But Milone is the opposite of Hammel. He is better than he appears because while he will not wow the radar gun or the stat sheet, he is consistent. Anyone who characterizes Milone as a #5 SP needs to check out #5 SPs around the league. They aren't 12 game winners every year, yet Milone won 13 games his rookie season (then threw a gem in the playoffs), 12 games last season, and 6 games in half a season with the A's.
Durable (good for 180 IP), able to get deep into games giving your team a chance to win (to the tune of 12 wins/year like clockwork), cheap and under contract control for at least three more years, Milone was an ideal addition to the back of a rotation, whether as a #4 SP or as a "true luxury at #5" behind the new big four. Not just depth but quality -- the journey of Milone from "6-0 in his last 7 games" to "stashed at AAA" to "sent out of town" is contrary to the value the A's usually see -- where others fail to -- in an asset like Tommy Milone.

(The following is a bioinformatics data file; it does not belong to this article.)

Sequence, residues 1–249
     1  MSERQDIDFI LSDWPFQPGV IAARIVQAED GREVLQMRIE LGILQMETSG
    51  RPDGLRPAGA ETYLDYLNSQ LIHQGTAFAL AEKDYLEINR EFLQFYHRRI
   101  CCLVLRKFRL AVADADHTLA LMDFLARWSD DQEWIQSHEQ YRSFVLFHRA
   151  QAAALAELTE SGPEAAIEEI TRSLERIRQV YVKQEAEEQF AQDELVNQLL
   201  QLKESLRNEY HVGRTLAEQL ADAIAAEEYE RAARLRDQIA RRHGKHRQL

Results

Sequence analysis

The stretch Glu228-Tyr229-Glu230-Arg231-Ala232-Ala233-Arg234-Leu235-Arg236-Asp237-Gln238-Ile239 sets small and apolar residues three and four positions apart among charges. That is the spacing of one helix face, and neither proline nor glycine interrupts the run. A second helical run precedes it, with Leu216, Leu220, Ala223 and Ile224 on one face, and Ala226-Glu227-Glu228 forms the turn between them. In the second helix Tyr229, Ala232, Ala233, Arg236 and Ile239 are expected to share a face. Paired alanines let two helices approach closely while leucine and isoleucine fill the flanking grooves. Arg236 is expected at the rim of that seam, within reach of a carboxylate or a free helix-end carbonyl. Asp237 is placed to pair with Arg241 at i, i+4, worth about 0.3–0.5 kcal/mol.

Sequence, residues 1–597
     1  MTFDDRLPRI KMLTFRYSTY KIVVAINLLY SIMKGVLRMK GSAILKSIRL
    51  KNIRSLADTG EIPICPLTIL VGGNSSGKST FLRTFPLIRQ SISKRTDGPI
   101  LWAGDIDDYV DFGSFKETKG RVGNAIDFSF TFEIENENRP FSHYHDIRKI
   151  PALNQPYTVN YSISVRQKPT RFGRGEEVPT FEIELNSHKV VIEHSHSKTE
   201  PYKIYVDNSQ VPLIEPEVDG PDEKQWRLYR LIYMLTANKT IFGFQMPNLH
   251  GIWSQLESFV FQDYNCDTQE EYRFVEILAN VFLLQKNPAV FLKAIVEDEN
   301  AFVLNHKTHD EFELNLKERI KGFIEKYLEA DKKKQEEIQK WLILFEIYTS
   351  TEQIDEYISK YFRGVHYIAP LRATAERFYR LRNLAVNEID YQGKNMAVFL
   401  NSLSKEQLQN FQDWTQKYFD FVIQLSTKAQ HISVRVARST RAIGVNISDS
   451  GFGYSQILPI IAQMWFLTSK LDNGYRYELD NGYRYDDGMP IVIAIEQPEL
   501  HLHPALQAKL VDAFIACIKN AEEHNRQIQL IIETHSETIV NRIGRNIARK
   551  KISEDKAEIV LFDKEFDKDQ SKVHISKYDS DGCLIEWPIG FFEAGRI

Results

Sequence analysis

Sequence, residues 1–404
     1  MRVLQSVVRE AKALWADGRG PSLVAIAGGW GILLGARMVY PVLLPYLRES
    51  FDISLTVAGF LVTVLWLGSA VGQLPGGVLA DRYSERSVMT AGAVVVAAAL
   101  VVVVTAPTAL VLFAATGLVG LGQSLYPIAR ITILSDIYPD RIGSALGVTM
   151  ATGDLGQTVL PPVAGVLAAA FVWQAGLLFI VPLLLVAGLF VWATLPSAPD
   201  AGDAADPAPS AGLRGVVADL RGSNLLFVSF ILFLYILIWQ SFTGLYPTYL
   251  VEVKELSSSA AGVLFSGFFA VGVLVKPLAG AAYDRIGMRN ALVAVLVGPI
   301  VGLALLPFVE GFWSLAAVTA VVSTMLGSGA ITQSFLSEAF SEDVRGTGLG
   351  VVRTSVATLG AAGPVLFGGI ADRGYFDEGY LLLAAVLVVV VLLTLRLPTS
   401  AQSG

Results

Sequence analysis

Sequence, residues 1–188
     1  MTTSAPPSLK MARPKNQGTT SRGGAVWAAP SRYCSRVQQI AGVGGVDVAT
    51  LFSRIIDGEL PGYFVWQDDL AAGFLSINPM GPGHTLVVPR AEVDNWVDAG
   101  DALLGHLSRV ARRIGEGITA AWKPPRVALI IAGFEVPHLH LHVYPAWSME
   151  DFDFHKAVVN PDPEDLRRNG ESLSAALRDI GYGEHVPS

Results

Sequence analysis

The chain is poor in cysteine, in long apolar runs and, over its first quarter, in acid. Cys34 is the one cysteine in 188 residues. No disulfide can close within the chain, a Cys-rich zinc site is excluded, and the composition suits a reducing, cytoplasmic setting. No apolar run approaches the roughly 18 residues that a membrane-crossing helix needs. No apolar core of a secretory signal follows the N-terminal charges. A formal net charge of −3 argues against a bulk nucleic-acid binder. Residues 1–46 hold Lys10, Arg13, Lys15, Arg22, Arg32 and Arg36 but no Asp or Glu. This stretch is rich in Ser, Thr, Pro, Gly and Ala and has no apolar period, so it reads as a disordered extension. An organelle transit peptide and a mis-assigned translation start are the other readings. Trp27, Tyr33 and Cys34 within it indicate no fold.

Here We Are
It may all work out just great. It may all crumble. That's baseball, and the last 39 games of the season are going to be intense. And hopefully there will more intense games to follow those. What I do think one can say now is that these July moves were, in some ways, vintage Billy Beane -- and in other ways they were departures from tenets once held dearly. The times they are ever a-changing.